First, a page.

Hiking in Mesa, Arizona

A report on an interesting October is forthcoming in great detail about the suspected back injury of September 24. That might take a few more days as medical personnel try to make a diagnosis, but creative energy appears present – finally.

The injury did not cause a cancellation of the Phoenix trip planned with friends Tom and Laura. They were thinking ahead to some future time about retiring out there and had asked me months ago to come along while they took that under consideration, poking around the area. No problem – sounded like a fun time with my friends.

Because of the back issues (manifested as leg pain, probably from a pinched nerve – the verdict remains outstanding), activity for me was limited the first several days out there. In previous visits, most of my time had been spent attending meetings for business and the like with very little time spent “on my own,” so this adventure to really see the Phoenix area was new. Tom and Laura had vacationed in the area prior, so they were somewhat familiar with the Phoenix metropolitan area.

The aspect that blew me away was nature. The temperature was about 95 or so, but still comfortable with a humidity in the 40s. Staying just south of Red Mountain (as we called it) in Mesa was not far from trails, lakes, Salt River and a host of outdoor activity.

We had visited several areas, included Canyon Lake and the Salt River area before this injured one decided to accompany them on Thursday, October 13, to Lower Salt River Nature Trail. This 2.4 mile loop was described as “easy” and rated by hikers as a 3.5 (or a little above average) on a scale of 1-5. Using an app Tom had found called “AllTrails,” we located the trailhead and took off. Knowing that my experiences for the week had been limited, we probably did only a mile and a half total out and back. Still, the trail had great views and great desert growth, including a lot of Saguaro and a peek at the Salt River. My only regret was that the injury left me unable to feel that taking the whole thing was wise – and, luckily, the three of us only had a short time on the schedule that morning, so the short walk was fine.

On Friday, October 14, we returned to a trail that Tom and Laura and hiked part of earlier in the week called Hawes Loop. This 6.2 mile trail was described as “moderate” and definitely had more elevation changes to challenge us. The trailhead was not clearly marked off of the road, but the GPS element in the AllTrails app enabled them to confidently locate the trail earlier. In their first hike, my friends had gone more to the south towards the more mountainous side of the loop; that day, we hiked more northeast in the other direction. This trail was rated better by hikers than the previous trail at 4.2 and definitely had more going for it. Again, there were Saguaros everywhere. The detail on AllTrails had described this one as “lightly trafficked,” but we ran into a number of people on the short hike we took out and back. The popularity of dog walking – especially by ladies – on the trail was either an oddity we encountered that day or not. Nevertheless, “lightly” was not the proper caricature that day. Still, the venture did not feel like we were in a pack.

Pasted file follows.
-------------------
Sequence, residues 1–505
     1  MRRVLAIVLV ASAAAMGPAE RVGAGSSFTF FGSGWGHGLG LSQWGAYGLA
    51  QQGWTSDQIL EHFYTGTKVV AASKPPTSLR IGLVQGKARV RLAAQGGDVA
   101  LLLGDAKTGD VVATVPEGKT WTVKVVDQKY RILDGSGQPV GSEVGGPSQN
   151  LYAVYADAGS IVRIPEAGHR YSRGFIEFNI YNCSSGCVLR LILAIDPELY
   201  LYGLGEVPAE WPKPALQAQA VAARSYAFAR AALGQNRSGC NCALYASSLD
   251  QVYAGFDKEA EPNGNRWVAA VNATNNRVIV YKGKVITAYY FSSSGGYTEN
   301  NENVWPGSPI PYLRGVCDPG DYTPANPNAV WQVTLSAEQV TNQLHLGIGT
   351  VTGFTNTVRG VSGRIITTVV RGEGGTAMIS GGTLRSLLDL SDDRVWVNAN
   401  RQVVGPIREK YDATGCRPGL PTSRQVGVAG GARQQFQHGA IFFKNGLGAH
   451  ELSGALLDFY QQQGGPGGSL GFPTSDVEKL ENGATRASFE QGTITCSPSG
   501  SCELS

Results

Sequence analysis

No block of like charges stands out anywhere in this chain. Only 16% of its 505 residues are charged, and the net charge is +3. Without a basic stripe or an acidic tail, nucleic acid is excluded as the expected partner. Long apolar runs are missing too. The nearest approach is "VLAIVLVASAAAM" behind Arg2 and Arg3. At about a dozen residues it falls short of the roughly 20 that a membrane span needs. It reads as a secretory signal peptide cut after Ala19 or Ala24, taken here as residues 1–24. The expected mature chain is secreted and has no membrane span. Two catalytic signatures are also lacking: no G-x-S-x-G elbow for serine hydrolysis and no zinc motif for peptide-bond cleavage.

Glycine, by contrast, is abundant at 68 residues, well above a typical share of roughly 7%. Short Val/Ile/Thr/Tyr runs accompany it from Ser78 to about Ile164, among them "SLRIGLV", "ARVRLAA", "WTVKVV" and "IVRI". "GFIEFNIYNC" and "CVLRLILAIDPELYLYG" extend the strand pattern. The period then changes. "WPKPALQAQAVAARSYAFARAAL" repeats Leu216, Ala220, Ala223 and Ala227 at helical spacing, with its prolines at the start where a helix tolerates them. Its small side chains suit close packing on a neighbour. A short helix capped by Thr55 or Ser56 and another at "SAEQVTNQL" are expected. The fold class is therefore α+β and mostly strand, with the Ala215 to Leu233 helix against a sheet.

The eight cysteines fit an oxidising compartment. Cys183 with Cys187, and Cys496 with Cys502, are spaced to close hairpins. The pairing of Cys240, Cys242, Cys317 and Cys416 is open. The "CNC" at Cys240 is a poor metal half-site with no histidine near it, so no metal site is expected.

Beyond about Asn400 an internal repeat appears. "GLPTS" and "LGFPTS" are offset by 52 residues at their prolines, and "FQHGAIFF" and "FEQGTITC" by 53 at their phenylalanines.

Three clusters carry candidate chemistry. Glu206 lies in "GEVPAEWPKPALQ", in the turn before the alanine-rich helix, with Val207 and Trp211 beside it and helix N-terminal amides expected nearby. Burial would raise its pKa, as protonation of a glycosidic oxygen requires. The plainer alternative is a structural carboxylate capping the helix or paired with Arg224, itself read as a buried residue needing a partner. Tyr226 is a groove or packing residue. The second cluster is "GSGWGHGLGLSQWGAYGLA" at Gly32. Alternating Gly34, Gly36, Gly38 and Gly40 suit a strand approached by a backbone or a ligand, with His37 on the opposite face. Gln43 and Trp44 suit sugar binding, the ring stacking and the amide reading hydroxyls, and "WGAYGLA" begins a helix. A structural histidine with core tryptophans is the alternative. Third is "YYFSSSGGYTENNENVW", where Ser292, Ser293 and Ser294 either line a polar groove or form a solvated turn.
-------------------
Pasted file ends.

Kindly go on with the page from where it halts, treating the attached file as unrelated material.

A side note: How would my dogs adjust to a hike with cactus everywhere? Would they have to “sniff” each one or would one round of needles in the nose make all cactus appear threatening? That’s for another day…

These are short reports on these trails. As more hiking is done, you might expect more – and that’s true as more of the trails are traveled versus the short jaunts undertaken. The hope of reduced pain for future hikes is definitely there. Back in years past, there were a lot of hikes in Indiana, many of the more recent ones with Lori, one of my daughters – and that was years ago. The best trails we found there were at Shades State Park north of Terra Haute, Indiana, near Rockville. There was a February walk over there once when Amy, my other daughter, accompanied us on the best trail there. There was a lot of ice that day, but we made it.

The AllTrails app is recommended – it’s in the “app store” on the iPhones. Take a look – there may be a lot of trails near you that you may not have known existed. The hope for more hiking reports is definitely present…

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